11. The concept of attitudes has been challenged in the anthropological literature; see Ingstad (1995).

  12. The term imam in Arabic means, literally, “leader.” However, within the Islamic community, the title has been elaborated to mean the person who leads the prayer rituals in a mosque but also fulfills communal functions such as officiating over marriages and funerals, disputes, divorces, reconciliations and so forth.

  13. For other studies focusing on the mismatch between Western notions of health and disability and those held by the Muslim community, see for example: Ajrouch (2005), Al-Heeti (2007), Al-Abdulwahab and Al-Gain (2003).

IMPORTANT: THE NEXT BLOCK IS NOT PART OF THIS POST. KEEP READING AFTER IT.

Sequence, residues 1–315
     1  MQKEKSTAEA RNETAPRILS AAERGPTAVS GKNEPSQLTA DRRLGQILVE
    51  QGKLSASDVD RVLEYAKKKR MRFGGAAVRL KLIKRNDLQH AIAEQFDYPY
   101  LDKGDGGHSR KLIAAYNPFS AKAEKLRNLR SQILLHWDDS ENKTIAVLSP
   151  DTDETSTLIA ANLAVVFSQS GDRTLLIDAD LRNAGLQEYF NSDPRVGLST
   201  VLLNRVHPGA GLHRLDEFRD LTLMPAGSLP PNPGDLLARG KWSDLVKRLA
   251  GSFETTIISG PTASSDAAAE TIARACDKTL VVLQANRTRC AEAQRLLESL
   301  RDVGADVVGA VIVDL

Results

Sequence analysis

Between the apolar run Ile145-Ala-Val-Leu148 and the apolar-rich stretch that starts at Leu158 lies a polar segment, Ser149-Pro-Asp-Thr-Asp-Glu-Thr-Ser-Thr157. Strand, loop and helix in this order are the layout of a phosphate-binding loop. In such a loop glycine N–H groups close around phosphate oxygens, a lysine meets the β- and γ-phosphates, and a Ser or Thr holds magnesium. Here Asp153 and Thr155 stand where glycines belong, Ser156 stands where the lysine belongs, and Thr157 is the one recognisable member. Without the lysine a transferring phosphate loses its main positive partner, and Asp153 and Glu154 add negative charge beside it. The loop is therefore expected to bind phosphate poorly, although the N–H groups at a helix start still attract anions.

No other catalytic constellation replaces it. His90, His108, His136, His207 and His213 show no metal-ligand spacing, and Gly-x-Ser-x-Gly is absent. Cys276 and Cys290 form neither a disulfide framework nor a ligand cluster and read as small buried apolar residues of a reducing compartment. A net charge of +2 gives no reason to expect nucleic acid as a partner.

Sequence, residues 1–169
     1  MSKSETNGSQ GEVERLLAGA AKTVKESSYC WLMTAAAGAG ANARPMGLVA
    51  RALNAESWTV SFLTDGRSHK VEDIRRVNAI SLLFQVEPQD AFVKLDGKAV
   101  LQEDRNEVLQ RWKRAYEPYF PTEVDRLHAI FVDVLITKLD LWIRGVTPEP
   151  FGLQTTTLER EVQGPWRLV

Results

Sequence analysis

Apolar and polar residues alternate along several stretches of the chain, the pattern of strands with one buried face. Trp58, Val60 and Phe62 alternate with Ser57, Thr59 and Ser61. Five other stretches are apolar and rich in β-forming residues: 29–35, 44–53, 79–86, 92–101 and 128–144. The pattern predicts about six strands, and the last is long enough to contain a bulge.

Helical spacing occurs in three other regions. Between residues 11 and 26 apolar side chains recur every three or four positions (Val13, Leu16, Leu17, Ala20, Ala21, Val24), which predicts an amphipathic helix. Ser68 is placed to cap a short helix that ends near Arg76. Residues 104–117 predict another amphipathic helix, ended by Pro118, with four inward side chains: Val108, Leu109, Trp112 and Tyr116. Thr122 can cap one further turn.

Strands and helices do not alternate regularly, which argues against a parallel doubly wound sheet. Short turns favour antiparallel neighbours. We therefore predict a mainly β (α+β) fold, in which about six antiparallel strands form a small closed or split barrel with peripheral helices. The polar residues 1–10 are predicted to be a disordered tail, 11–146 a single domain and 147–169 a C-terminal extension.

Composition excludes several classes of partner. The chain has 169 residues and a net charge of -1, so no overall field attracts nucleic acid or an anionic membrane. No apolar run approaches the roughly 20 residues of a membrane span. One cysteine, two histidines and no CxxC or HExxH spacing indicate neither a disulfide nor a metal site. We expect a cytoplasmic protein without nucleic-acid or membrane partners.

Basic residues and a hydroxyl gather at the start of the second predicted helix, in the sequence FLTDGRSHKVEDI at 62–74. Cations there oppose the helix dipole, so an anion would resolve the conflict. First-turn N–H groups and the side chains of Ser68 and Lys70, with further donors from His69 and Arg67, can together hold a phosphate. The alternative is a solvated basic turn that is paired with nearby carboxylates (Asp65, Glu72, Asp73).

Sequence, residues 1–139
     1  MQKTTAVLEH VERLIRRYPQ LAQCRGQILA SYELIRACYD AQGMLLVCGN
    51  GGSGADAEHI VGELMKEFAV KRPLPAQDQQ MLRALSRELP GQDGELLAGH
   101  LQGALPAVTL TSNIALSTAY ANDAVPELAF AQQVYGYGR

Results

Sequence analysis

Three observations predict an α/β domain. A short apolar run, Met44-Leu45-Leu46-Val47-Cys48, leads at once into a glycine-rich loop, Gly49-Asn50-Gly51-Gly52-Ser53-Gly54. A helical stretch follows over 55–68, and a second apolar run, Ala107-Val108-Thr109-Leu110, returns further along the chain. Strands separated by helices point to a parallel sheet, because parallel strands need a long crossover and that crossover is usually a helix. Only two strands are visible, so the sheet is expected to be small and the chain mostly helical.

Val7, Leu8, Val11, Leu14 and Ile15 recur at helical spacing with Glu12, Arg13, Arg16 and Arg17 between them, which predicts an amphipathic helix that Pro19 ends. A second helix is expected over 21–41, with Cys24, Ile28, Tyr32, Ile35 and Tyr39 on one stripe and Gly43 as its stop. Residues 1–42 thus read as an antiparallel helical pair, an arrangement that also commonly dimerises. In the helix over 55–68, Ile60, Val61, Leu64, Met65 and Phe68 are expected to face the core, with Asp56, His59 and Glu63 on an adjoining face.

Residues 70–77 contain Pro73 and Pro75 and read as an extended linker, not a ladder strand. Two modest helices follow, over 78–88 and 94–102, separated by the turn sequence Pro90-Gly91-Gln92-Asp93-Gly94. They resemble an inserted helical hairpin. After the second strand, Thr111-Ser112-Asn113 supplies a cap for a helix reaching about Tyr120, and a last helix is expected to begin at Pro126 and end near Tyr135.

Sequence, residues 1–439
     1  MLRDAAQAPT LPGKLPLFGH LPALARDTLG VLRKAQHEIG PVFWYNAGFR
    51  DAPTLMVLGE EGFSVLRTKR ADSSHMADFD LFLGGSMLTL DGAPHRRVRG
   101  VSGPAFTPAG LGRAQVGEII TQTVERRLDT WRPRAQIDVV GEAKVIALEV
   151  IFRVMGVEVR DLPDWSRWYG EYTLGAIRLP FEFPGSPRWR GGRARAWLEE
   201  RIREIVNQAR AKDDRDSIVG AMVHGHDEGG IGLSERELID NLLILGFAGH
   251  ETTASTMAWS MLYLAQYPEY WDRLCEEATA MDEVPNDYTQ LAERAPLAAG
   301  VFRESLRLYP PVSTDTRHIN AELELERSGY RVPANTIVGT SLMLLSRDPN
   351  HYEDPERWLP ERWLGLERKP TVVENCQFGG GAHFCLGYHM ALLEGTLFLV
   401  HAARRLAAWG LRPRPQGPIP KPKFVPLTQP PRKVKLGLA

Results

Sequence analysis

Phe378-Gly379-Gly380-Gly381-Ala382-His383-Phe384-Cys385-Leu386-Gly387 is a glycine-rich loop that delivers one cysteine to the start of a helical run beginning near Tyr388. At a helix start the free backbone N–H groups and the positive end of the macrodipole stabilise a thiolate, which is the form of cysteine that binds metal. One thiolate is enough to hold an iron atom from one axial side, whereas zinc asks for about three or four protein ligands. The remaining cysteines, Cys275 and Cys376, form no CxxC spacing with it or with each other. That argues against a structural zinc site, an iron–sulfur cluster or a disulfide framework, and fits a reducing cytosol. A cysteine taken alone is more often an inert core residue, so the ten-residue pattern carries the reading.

14. Hayosh, Haj-Yahia, and Yitzhak-Monsonego, October 2010. Research Report—Masira ("Journey") Program for the Advancement of the Status of People with Disabilities in the Arab Society in Israel. Commissioned by The Division for Disabilities and Rehabilitation, JDC-Israel, pp. vii, 87–88.

  15. In Israel, two major Islamic movements are active politically, the Northern Islamic Movement and the Southern Islamic Movement. The latter, known to be more pragmatic, has three representatives sitting in the Israeli parliament (the Knesset). We did not have access to reliable information regarding the imams' political affiliations due to the formal restrictions mentioned above. However, during informal conversations, our informants hinted that many of the imams participating in our research tended to support the Southern Movement. Political stance was thus excluded from the research.

  16. We should note that the imams and Arab society in general pay less heed to mental illness (see for example Turmusani 1999, p. 105).